But Hunziker said he is skeptical the Chevron site can become a platform for community engagement. "I'm just not seeing it as a place where you'll have active community dialogue," he said.
Malcolm Marshall, editor of a monthly paper called The Richmond Pulse, said he had a strong visceral response to Chevron's claim that the Richmond Standard is community-driven. "The corporation is the community?" he said. "How can you be both of those?"
So far, Aldax said community engagement has been minimal, but he said it's still the early days. "People are starting to figure out who we are, and what we're doing." Through last week, the site had featured a series of crime and breaking news stories, along with previews of local events.
Ritchie said the site also offers a new model for the future of journalism — one that is funded directly by corporations. "We believe the website has the potential to blaze the trail for a new model of corporate-sponsored, community-generated news," the website reads.
Aldax said he is inspired by this idea. "It's a pioneering effort in a sense," he said. "It is a positive opportunity to blaze a new trail, do those things I know how to do well for a community. That, to me, is why you're a journalist."
When asked about possible conflicts of interest, Aldax said his content will steer clear of hot-button issues. He said Chevron's corporate voice will be limited to the "Chevron Speaks" portion of the site.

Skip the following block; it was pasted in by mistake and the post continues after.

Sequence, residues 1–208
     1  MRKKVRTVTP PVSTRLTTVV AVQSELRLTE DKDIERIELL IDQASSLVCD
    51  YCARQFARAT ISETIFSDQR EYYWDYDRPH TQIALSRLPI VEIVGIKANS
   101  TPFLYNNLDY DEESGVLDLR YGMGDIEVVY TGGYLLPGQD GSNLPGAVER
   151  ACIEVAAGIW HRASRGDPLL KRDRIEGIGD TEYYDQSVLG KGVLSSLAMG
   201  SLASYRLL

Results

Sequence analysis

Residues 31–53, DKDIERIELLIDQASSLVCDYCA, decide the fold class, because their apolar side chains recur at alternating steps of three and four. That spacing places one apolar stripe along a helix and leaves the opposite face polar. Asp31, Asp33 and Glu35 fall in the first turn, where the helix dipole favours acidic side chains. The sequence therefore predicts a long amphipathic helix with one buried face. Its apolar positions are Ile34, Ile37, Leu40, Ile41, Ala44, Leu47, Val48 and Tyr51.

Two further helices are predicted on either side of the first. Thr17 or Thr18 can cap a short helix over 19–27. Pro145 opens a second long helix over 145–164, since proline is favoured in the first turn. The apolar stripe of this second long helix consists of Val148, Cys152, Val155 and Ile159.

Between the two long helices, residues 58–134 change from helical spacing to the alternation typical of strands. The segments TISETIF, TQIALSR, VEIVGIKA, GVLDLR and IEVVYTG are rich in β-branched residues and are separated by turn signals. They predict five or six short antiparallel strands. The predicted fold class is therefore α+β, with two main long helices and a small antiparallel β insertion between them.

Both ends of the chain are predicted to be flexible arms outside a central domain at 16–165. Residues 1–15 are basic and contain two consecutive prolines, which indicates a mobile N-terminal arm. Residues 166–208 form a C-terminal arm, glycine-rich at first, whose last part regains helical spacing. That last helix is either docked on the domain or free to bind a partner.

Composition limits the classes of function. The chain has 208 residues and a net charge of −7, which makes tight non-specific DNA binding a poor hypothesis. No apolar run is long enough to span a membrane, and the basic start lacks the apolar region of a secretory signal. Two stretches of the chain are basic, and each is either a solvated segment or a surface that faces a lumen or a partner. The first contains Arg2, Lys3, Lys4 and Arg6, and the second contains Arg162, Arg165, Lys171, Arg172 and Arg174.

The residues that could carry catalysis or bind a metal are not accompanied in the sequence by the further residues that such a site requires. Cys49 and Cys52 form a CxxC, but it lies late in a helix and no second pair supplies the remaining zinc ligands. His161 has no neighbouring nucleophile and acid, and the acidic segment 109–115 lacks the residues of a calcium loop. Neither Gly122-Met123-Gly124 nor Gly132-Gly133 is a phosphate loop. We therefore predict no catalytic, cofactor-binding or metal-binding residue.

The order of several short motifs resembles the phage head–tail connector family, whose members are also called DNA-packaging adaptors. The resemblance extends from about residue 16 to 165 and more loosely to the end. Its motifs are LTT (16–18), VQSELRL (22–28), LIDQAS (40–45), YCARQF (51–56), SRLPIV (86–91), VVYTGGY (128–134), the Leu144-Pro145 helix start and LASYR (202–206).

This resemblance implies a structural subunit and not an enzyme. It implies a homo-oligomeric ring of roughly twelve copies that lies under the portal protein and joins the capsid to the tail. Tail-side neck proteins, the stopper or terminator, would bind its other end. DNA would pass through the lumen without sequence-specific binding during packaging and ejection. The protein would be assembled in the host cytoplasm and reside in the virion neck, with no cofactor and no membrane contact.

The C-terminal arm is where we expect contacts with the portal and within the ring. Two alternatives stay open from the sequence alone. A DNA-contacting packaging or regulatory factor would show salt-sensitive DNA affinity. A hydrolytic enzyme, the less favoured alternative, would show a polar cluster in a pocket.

However, many Richmond residents don't buy this explanation. "It all seems like a very big ruse, a very big PR ploy, so they don't have to do what's right," said Richmond resident Linda Schneider.
Ritchie said Chevron officials know that they are going to have to gain people's trust, but added she hopes that Richmond Standard will be a useful tool for people. She said success for the site would mean "that people are able to get information about great things happening in Richmond."
But with this year's mayoral election, some Richmond residents see the site as a cynical move on Chevron's part to further influence city politics. Schneider said she feels like Chevron is trying to "usurp the community."
Donald Bastin, historian and author of a book titled Richmond, said, "Chevron doesn't have the kind of place it used to have in the community." In the 1930s and 40s, Chevron was the government in Richmond, Bastin said. "They were hand-in-glove. It's not that way anymore." Back then, Chevron's name was Standard Oil Company.
Aldax said he understands residents' skepticism of Richmond Standard, and maintained that the launch of the site has nothing to do with the upcoming mayoral election. Aldax said political endorsements will appear in the "Chevron Speaks" portion of the website, if at all.
"The onus is on myself to really prove to the community that we're a reliable news source."
Neither Chevron nor Aldax would disclose the cost of running the website or his services.